The parties' tax returns from 2005 to 2010 were received in evidence. The 2011 tax return had not yet been prepared at the time of trial. According to Brent and his brother, the 2011 corn crop suffered significant hail damage, which cut the yield approximately in half compared to previous years. Brent expects that the revenue from the 2011 crops will be dramatically reduced because of the hail losses and that the impact will be felt for the next 2 years, a consequence that is not within his control. In addition, approximately 75 percent of the 2011 seed wheat was totally hailed out and the remainder was damaged.

At the time of the marriage, Brent owned an undivided one-fourth interest in an acreage in Chase County. The acreage included a house, garage, and steel building. During the marriage, Brent's parents gifted him the remaining three-fourths [21 Neb.App. 286] interest in the acreage. In 1997, Brent executed a deed for the property to Brent and Sheri as joint tenants with right of survivorship. Brent testified that when he executed the deed, it was not his intent to make a gift to Sheri of one-half of the property; rather, he placed her name on the property because Sheri was concerned that she would lose the property if Brent died.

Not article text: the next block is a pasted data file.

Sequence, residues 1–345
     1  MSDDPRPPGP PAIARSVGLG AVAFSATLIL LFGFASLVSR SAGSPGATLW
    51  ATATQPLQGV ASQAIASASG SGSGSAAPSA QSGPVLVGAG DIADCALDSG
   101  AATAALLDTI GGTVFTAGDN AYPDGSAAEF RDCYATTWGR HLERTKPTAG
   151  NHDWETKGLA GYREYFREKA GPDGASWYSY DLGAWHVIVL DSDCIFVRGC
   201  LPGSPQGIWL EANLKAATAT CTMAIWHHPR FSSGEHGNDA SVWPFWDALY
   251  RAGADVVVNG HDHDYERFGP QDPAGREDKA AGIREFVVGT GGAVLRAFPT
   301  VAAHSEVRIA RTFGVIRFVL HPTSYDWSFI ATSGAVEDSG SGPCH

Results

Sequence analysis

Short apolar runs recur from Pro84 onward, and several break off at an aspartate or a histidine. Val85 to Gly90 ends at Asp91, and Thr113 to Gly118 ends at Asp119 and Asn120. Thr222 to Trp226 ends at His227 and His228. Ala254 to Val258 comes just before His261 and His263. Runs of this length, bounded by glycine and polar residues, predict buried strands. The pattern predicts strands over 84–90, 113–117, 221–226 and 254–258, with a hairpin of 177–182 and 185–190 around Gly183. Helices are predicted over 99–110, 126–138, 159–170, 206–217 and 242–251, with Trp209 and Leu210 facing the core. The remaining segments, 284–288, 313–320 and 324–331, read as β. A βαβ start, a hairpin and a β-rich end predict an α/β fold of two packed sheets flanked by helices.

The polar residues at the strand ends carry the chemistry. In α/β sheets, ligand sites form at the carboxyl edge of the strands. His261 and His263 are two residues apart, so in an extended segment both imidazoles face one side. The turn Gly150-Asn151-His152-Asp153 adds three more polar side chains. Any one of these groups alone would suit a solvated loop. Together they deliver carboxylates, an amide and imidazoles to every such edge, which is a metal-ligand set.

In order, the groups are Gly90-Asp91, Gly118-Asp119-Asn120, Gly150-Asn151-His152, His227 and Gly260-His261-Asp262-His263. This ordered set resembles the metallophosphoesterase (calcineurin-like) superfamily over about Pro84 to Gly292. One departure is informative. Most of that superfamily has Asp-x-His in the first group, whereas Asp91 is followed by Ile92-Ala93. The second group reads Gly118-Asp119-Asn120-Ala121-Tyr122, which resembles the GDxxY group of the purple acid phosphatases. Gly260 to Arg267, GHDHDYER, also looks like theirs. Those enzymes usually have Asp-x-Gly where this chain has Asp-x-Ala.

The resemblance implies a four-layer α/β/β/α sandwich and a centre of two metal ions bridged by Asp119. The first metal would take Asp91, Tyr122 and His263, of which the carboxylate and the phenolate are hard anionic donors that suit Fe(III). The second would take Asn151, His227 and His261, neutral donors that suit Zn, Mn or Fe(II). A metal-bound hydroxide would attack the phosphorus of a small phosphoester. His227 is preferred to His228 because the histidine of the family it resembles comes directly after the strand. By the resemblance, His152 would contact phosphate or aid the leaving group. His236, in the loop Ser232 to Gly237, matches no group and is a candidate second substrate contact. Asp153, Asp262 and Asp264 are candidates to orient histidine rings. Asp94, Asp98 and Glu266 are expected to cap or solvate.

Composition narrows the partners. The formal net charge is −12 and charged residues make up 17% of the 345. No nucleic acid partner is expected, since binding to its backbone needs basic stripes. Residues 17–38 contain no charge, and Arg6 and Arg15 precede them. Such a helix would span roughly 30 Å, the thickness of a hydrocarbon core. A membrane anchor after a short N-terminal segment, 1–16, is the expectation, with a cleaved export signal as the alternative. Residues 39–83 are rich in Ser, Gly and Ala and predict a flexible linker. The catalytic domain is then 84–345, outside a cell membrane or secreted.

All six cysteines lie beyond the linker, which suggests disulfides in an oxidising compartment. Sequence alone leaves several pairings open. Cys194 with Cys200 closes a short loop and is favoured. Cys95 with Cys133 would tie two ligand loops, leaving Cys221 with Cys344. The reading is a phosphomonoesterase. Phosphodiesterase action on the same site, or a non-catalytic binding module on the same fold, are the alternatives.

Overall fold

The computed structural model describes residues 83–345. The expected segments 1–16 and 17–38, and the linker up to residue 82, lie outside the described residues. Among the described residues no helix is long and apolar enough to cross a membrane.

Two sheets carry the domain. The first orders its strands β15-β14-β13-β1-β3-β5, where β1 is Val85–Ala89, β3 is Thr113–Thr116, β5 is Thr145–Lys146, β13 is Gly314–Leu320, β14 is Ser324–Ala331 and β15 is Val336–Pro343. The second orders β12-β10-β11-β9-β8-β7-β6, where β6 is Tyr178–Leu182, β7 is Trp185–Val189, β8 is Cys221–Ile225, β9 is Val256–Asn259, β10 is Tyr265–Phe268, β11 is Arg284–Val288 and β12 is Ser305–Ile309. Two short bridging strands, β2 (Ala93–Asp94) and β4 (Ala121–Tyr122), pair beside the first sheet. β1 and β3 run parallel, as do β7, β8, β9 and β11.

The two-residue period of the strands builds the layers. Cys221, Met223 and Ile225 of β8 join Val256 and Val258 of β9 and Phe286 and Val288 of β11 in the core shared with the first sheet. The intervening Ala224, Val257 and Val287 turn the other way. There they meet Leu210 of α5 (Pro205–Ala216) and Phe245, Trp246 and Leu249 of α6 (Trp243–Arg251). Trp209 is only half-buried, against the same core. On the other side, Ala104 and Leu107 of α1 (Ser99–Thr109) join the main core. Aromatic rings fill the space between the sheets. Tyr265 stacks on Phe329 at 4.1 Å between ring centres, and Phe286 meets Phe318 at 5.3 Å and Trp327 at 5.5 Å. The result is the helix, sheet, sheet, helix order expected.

The parties lived in the house on the acreage for about 8 years. Sheri testified that they made and paid for many improvements to the home, including a new roof, siding, windows, upstairs carpet, downstairs bathroom and bedroom carpet, a furnace, and central air conditioning. They also tore out and replanted trees, and they poured a concrete floor in the steel building on the property, which floor cost over $20, 000. Sheri testified that they also spent $20, 000 on a kitchen remodel, which included custom-made oak cabinets, new flooring, and new appliances. Finally, they put in a sprinkler system that cost about $5, 000. The parties sold the property in 2003 for $120, 000. They used the $120, 000 in the construction of the marital home, where Sheri was residing at the time of trial and which was awarded to her in the division of property.

After the parties separated, Brent purchased a house for $156, 000 and took out two loans for the full purchase amount. He purchased a 2010 Chevrolet Avalanche for his personal use. The house and vehicle, along with their corresponding debts, were included in the marital estate and assigned to Brent. Brent also purchased some household goods and furnishings for his new ...